Wisdom and Ignorance

“That would indeed be shocking, and then I might really with justice be summoned to court for not believing in the gods, and disobeying the oracle, and being afraid of death, and thinking that I am wise when I am not. For let me tell you, gentlemen, that to be afraid of death is only another form of thinking that one is wise when one is not; it is to think that one knows what one does not know. No one knows with regard to death whether it is not really the greatest blessing that can happen to a man; but people dread it as though they were certain that it is the greatest evil; and this is ignorance, which thinks that it knows what it does not, must surely be ignorance most culpable.”

– The Last Days of Socrates by Plato.

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The Instantaneous Decay Of Passion.

“No matter! She was not happy, had never been so. Where did it come from, this feeling of deprivation, this instantaneous decay of the things in which she put her trust?… But, if there were somewhere a strong and beautiful creature, a valiant nature full of passion and delicacy in equal measure, the heart of a poet in the figure of an angel, a lyre with strings of steel, sounding to the skies the elegiac epithalamia, why should she not, fortuitously, find such a one? What an impossibility! Nothing, anyway, was worth the great quest; it was all lies! Every smile concealed the yawn of boredom, every joy a malediction, every satisfaction brought its nausea, and even the most perfect kisses only leave upon the lips a fantastical craving for the supreme.”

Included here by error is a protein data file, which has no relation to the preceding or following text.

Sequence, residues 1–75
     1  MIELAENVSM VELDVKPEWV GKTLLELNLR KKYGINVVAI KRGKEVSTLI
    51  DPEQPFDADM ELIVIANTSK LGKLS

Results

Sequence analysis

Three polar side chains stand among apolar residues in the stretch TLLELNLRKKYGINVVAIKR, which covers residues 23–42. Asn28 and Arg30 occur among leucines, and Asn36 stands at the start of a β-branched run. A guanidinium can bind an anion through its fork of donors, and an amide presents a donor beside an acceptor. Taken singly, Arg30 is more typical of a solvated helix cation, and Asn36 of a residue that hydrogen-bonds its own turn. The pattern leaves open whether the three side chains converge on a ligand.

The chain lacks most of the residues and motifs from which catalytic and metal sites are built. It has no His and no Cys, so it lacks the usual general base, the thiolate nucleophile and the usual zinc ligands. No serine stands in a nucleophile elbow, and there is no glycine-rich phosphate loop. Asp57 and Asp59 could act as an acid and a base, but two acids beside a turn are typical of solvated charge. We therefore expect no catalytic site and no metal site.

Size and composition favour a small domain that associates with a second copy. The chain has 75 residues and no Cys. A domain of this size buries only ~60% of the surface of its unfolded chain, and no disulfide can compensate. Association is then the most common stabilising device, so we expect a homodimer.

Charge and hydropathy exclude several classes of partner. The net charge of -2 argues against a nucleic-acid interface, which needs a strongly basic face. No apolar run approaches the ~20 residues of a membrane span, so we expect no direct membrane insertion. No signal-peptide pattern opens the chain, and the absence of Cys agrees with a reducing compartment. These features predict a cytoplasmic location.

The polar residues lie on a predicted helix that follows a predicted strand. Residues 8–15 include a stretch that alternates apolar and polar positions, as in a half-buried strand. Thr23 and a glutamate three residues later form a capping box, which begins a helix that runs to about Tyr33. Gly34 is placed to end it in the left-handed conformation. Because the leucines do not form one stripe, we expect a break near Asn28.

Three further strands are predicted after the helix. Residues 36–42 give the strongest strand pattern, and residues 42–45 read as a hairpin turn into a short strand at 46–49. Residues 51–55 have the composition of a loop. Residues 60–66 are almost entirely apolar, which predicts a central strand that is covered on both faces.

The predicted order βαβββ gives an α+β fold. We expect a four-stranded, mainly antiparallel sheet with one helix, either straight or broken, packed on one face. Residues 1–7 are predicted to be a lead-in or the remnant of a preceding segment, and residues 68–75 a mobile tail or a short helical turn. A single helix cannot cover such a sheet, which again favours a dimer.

– Madame Bovary by Gustave Flaubert. 

It was clear to me in my dreams.

“I have dreamed of that song, of the strange words to that simple rhyme-song, and on several occasions I have understood what she was saying, in my dreams. In those dreams I spoke that language too, the first language, and I had dominion over the nature of all that was real. In my dream, it was the tongue of what is, and anything spoken in it becomes real, because nothing said in that language can be a lie. It is the most basic building brick of everything. In my dreams I have used that language to heal the sick and to fly; once I dreamed I kept a perfect little bed-and-breakfast by the seaside, and to everyone who came to stay with me I would say, in that tongue, “Be whole,” and they would become whole, not be broken people, not any longer, because I had spoken the language of shaping.”